Num Pang Chef Ratha Chaupoly’s Office Bag Lunch

Photograph by Will Halsey for Bloomberg

Cambodian-born Ratha Chaupoly says he inherited his mother’s instinct to feed people—all the time. As a restaurant owner, he’s fed hoards of New Yorkers, who line up at Num Pang for Cambodian-inspired sandwiches stuffed with such delicacies as tiger shrimp and pork belly. Named New York’s best sandwich shop by Zagat, Num Pang will open a third restaurant this winter in the city’s Flatiron District.

Chaupoly offers Bloomberg Businessweek a recipe for veal meatballs with hoisin sauce served over rice. For those unfamiliar with hoisin, the sweet and salty glaze is like “Chinese barbecue sauce,” often used on meat, fish, and noodles. “I always like meatballs sweeter than the ‘traditional’ meatballs in America, so I use hoisin and Thai basil,” he says. Add a side of grilled zucchini and long beans if you crave vegetables.

Serves 2

2/3 lb. ground veal
1-1/3 tbsp hoisin sauce
1-1/3 tbsp cooked jasmine rice
3.5 oz. canned tomatoes
1/3 yellow onion, halved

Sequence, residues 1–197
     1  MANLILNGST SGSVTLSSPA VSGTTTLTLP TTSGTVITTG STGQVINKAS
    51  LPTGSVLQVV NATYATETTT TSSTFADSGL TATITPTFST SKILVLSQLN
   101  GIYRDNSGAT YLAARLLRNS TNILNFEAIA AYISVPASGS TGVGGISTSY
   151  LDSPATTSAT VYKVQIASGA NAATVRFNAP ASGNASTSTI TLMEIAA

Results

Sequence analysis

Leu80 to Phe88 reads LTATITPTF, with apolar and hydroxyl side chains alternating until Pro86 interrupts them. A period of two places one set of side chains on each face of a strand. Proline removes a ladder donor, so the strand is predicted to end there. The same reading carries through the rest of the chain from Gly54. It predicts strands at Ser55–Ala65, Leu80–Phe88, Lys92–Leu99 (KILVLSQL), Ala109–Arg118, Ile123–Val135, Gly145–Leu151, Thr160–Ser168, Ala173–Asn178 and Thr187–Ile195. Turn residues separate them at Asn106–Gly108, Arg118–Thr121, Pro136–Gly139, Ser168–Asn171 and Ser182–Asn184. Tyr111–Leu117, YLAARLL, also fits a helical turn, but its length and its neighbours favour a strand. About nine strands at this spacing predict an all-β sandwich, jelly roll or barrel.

2/3 tbsp salt
1 tbsp sugar
1/3 tbsp ground black pepper
1/3 cup Thai basil
Olive oil
Jasmine rice (cooked)
Fish sauce (optional)


1. In a large mixing bowl, combine ground veal, cooked rice, hoisin sauce, half of the basil, salt, sugar, and black pepper. Mix well. Let sit for 20 minutes before rolling into meatballs about 1-1/2 inches wide.
2. In a large pot, pour whole can of tomatoes and let simmer.
3. In a large skillet pan, heat up olive oil on medium heat. Place meatballs and cook to brown about 8 to 12 minutes on low heat.
4. Add browned meatballs to simmering tomatoes, including oil. Add onions and let stew for 30 to 45 minutes on low to medium heat or until lightly thickened.
5. Add rest of basil and serve over jasmine rice.
6. (Optional) Drizzle with fish sauce.

    Before it's here, it's on the Bloomberg Terminal.